(Adds comments from Funny or Die)
By Roberta Rampton
WASHINGTON, July 22 What's so funny about
President Barack Obama's healthcare reform law?
A website known for viral comedy videos popular with
Americans under 30 - Funny or Die - has a few ideas and is
enlisting celebrities to make something that catches the
attention of a key demographic the White House needs to sign up
"I think you can kind of have fun with some of the
misinformation that's out there," said Mike Farah, president of
production for Funny or Die.
Farah was part of a small group of Hollywood stars and
entertainers who met with senior White House officials on Monday
to talk about how to use pop culture to persuade young Americans
to sign up for new medical insurance coverage this fall.
For Obamacare to succeed, the White House needs to attract
2.7 million younger consumers between the ages of 18 to 35,
mostly male and non-white, to participate in new online health
Obama dropped by the meeting, which included comedian Amy
Poehler, actor Jennifer Hudson, representatives for Oprah
Winfrey and Alicia Keys and others.
"We see that there's an ability here to actually make an
impact and make a change," Farah told Reuters after the meeting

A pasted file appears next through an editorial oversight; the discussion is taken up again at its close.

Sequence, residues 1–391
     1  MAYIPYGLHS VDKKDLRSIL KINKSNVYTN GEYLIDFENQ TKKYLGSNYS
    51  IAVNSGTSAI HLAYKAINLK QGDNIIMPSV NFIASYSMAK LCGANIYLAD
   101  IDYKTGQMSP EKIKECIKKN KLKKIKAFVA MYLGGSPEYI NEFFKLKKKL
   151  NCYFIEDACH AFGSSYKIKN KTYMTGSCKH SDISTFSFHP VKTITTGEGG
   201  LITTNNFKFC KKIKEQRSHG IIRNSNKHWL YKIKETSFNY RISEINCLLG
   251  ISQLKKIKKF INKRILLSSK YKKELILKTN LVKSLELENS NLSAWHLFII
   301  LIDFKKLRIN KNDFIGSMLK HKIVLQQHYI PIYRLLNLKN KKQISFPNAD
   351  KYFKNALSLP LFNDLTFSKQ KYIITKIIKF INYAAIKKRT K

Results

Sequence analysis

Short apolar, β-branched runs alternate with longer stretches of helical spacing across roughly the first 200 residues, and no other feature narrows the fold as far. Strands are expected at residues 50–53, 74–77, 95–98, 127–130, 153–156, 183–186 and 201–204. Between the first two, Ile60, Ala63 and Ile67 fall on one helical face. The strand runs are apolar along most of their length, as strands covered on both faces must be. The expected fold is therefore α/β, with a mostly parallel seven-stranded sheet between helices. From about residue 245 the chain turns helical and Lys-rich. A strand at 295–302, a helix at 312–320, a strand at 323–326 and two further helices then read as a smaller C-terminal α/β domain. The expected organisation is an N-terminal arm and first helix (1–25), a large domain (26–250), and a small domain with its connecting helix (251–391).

with Obama senior adviser Valerie Jarrett and other officials
involved in rolling out the program.
Funny or Die has more than 19 million unique users per month
and 6.4 million Twitter followers and is already working on
several videos featuring celebrities.
Obamacare needs young, healthy people to register for the
new health insurance plans to counterbalance older, sicker
enrollees and hold down costs.
But first the government needs to overcome skepticism that
the new plans are worthwhile.
The government isn't paying for the help. "If there was ever
any money for Funny or Die - which there never was - I'm sure it
would have been cut by the sequester long ago," Farah quipped.
Earlier this year, the administration sought help from major
U.S. sports organizations including the National Football League
on advertising campaigns.
But the NFL backed off after U.S. Senate Republican leader
Mitch McConnell wrote the league and other professional sports
organizations urging them not to support Obamacare, warning them
it was too political.
Farah said he is not worried about any backlash.
"If Republican senators have enough time to write Funny or
Die a letter telling us not to be a part of this, then we're
doing something right," he said.
"I would love that, and I can't wait to frame it and put it
up in my office."
(Reporting by Roberta Rampton; Editing by Cynthia Osterman)